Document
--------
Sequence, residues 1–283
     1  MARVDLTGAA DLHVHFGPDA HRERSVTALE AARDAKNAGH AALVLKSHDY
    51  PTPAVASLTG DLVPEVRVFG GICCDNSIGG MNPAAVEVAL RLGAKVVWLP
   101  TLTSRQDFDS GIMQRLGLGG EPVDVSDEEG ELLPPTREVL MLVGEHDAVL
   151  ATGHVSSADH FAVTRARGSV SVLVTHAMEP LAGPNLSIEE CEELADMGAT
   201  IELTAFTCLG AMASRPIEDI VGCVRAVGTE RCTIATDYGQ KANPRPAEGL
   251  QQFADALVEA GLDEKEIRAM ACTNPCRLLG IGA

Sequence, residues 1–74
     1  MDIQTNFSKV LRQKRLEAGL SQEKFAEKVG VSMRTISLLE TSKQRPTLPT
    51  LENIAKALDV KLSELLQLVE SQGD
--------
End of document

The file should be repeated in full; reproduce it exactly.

Sequence, residues 1–283
     1  MARVDLTGAA DLHVHFGPDA HRERSVTALE AARDAKNAGH AALVLKSHDY
    51  PTPAVASLTG DLVPEVRVFG GICCDNSIGG MNPAAVEVAL RLGAKVVWLP
   101  TLTSRQDFDS GIMQRLGLGG EPVDVSDEEG ELLPPTREVL MLVGEHDAVL
   151  ATGHVSSADH FAVTRARGSV SVLVTHAMEP LAGPNLSIEE CEELADMGAT
   201  IELTAFTCLG AMASRPIEDI VGCVRAVGTE RCTIATDYGQ KANPRPAEGL
   251  QQFADALVEA GLDEKEIRAM ACTNPCRLLG IGA

Sequence, residues 1–74
     1  MDIQTNFSKV LRQKRLEAGL SQEKFAEKVG VSMRTISLLE TSKQRPTLPT
    51  LENIAKALDV KLSELLQLVE SQGD